World view – Monday

Sunday GMT


For posting on events, news, opinions and anything of interest from around the world.

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  1. Gezza

     /  8th October 2018

    Brazil Election
    Aljazeera has been reporting on the election underway in Brazil, where the population is being said to be sick of corruption & crime. Along with a new president, Brazilians will be choosing governors, senators and other legislators – and the race leader at the moment is a man described as homophobic, misogynistic, racist and fascist who was entitled under their rules to 8 minutes of election campaigning and has therefore campaigned mainly on Snapchat.

    Another Strong Man national leader on the rise.?
    . . . . . . . . . . . . . . .

    Sao Paulo, Rio de Janeiro, Brazil – Brazilians are heading to the polls in what has been a bitterly polarised and turbulent election that has included an assassination attempt of one candidate, another leading the race from a jail cell, mass protests and endless waves of fake news.

    It comes amid a backdrop of high-profile corruption scandals, rising violence and recession; a far cry from Brazil’s last elections in 2014 when the country had just hosted a successful World Cup, was removed from the United Nations hunger map and unemployment was at a record low.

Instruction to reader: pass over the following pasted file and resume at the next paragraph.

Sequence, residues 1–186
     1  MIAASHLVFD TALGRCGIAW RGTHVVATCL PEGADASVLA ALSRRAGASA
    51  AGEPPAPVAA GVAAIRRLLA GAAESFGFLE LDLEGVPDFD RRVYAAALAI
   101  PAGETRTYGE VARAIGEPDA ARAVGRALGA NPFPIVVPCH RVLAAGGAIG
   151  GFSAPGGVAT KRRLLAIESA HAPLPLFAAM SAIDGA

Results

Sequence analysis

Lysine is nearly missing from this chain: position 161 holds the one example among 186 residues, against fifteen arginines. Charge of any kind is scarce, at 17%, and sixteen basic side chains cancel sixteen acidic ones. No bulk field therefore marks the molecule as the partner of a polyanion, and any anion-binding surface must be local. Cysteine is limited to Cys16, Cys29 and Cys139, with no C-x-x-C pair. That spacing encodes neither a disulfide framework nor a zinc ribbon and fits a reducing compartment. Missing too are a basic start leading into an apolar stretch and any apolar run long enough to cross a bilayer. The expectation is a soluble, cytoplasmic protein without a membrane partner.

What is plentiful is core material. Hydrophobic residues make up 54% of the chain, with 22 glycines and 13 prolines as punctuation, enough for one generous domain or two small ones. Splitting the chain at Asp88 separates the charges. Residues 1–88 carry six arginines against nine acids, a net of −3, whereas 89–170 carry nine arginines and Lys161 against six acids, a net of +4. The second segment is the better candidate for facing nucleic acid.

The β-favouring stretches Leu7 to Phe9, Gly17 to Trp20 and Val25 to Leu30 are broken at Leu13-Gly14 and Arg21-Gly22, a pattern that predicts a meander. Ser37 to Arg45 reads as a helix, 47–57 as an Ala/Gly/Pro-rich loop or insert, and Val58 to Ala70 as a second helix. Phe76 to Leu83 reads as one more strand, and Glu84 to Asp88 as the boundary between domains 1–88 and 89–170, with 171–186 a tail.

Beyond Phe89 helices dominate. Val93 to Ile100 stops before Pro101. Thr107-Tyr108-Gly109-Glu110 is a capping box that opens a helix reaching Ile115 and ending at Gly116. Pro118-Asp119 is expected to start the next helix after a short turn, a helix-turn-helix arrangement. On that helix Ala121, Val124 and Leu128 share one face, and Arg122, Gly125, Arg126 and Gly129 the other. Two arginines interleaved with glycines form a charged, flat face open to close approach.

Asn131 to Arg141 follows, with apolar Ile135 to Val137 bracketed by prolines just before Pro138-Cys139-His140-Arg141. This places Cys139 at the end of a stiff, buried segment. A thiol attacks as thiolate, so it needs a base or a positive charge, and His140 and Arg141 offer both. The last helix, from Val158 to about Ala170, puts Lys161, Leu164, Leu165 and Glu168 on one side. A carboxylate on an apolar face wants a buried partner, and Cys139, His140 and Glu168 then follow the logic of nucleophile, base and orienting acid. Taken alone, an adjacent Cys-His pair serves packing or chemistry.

Leading the polls is Jair Bolsonaro, the far-right former army captain whose disparaging comments about homosexuals, women and minorities disgust many voters but whose chauvinism, political incorrectness and tough on crime posture appeals to many others.

    In 2017, there were nearly 64,000 murders in Brazil, the vast majority of which remain unsolved and public security is one of the major concerns going in to this election.

    Outside a polling station in Copacabana, Rio de Janiero, Jose Wilson Sales Avila Filho said he was backing Bolsonaro because of his pledge to tackle Brazil’s security crisis.

    “What he understands is that criminals are criminals and good people are good people, there’s no middle ground there and there should be no leniency for bad people,” said Filho, 37, a businessman at a factory that makes dairy products.

    “He’s honest, he’s not corrupt and he values religion and good people,” he said of Bolsonaro, who has a large following among Brazil’s Evangelical Christian community and who enjoys support by powerful Evangelical leaders and politicians.
    More …

  2. Blazer

     /  8th October 2018


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